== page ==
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Archived - Key Federal Initiatives Protecting and Supporting Vulnerable Women and Girls
The Bill would complement existing Canadian initiatives, both at home and abroad, to put an end to barbaric cultural practices that go against Canadian values because they cause harm to women and girls and prevent their full participation in society. These practices, which include early and forced marriage, “honour”-based violence and female genital mutilation/cutting, have no place in Canada’s free and democratic society. Some of Canada’s initiatives to end these practices are set out below.
Canada on the international stage
Canada has made ending child, early and forced marriage (CEFM) a foreign policy and development priority and is intensifying programming and advocacy efforts to address CEFM. For example:
- Canada spearheaded the initiative to establish the International Day of the Girl Child, which focused on CEFM in 2012, its first year.
- In October 2013, Canada announced $5 million in new funding to address the causes and consequences of CEFM around the world. These funds were used for programs in Afghanistan, Ethiopia, Ghana, Somalia and Zimbabwe.
- On July 4, 2014, Minister Baird announced that Canada is contributing $20 million over two years to UNICEF toward ending CEFM. The UNICEF project aims to accelerate the movement to end child marriage in Bangladesh, Burkina Faso, Ethiopia, Ghana, Yemen and Zambia by supporting efforts in these countries to strengthen programming and political support to end the practice.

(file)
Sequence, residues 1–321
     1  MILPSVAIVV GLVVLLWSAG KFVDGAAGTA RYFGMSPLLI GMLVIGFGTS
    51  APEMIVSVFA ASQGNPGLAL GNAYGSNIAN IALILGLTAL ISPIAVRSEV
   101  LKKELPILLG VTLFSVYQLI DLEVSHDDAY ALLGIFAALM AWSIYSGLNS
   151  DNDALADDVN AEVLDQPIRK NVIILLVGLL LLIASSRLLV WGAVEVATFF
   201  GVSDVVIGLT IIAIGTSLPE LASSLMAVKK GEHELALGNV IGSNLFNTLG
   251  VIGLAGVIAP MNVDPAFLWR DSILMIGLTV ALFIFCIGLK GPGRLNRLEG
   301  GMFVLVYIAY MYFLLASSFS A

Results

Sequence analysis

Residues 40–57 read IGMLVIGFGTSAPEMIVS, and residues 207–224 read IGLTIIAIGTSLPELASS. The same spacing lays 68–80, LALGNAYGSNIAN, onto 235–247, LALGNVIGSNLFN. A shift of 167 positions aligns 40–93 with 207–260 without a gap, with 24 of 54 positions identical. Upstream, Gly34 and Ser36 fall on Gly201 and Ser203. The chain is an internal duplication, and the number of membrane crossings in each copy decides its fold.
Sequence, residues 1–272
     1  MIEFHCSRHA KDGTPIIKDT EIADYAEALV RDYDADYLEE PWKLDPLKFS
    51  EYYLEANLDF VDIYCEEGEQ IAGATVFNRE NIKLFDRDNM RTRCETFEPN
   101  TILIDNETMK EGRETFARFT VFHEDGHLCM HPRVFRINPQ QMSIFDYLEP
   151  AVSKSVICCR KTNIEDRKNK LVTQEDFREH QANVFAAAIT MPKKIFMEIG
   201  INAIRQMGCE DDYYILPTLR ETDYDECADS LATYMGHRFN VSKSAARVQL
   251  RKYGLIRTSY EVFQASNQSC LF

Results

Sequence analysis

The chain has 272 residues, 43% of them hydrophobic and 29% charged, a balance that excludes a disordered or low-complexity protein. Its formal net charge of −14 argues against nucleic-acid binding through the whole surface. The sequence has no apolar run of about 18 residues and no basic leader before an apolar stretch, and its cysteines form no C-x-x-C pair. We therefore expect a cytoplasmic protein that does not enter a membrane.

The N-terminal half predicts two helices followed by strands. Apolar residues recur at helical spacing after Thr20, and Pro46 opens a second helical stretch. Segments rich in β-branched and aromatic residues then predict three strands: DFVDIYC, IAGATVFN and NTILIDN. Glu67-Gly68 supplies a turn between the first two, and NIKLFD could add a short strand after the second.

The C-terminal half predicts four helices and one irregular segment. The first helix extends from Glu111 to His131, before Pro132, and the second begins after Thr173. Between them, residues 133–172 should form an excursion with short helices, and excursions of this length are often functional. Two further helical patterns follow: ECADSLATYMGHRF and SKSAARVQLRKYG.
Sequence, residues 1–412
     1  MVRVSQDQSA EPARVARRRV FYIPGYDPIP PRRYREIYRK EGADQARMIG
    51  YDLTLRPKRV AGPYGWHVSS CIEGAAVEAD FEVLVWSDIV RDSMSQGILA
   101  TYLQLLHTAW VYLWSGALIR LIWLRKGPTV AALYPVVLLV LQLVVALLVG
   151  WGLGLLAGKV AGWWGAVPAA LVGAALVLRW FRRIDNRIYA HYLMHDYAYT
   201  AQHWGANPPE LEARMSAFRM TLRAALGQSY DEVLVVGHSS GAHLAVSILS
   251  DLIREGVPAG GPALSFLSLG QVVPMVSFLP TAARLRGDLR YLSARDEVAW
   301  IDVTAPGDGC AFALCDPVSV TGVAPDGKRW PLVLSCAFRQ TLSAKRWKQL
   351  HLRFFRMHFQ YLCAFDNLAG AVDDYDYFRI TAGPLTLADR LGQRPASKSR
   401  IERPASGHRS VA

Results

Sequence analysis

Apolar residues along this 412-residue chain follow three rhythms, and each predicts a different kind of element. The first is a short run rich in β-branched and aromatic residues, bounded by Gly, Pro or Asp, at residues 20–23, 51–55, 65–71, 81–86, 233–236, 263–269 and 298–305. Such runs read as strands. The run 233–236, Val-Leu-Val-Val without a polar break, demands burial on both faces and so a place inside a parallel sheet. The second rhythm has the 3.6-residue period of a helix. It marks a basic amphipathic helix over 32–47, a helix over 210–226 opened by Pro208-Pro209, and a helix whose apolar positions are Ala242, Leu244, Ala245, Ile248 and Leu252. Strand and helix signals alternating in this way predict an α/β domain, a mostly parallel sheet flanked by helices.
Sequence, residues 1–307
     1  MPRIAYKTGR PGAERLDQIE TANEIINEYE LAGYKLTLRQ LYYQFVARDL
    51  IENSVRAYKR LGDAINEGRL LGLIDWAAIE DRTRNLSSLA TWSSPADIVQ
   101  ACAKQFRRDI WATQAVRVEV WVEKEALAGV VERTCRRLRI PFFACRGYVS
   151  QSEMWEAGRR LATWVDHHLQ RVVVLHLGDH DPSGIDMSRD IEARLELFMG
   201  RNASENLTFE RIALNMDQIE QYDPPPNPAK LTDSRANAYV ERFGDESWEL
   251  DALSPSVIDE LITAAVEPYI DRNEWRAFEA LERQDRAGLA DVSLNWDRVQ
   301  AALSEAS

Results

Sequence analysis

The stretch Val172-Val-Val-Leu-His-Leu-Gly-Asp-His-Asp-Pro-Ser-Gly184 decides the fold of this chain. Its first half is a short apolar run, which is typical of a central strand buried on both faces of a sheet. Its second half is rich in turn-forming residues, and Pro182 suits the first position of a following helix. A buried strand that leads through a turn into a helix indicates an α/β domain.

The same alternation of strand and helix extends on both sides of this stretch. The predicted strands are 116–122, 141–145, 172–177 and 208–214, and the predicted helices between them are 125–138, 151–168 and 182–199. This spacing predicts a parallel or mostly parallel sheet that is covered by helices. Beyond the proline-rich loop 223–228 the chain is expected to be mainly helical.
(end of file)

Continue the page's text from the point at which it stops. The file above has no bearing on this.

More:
- Also in July 2014, Canada committed institutional support to the efforts of the Royal Commonwealth Society to raise awareness in Commonwealth countries about the need to end CEFM.
- Canada has played an important role in bringing world attention and action to this issue of CEFM. For example, for the second year, Canada and Zambia will lead a United General Assembly resolution on CEFM in the Fall of 2014.
- Canada contributes to efforts to combat female genital mutilation/cutting (FGM) by working with UN agencies, and bilaterally with other countries supporting projects to address violence against women and eliminate harmful cultural practices like FGM.
Canada at home
Canada has taken action to protect vulnerable Canadians, particularly women and girls, from early and forced marriage and other harmful or violent cultural practices. For example:
Citizenship and Immigration Canada (CIC)
- Many CIC-funded organizations provide targeted programming designed for specific groups, including women. Newcomer women may benefit from blended workshops, offering an inclusive and open environment to learn and discuss job search strategies and basic information needed to obtain meaningful employment.
- In addition, special language programs are available for immigrant and refugee women. CIC-funded language classes cover issues such as family violence, spousal abuse, women’s rights, legal rights and responsibilities, health care, and include bridging or referral to other available services in the community.
- Both Canada’s citizenship study guide “Discover Canada” and the “Welcome to Canada” orientation guide were recently updated to reflect the fact that Canada’s openness and generosity do not extend to harmful cultural practices such as forced marriage or other forms of gender-based family violence.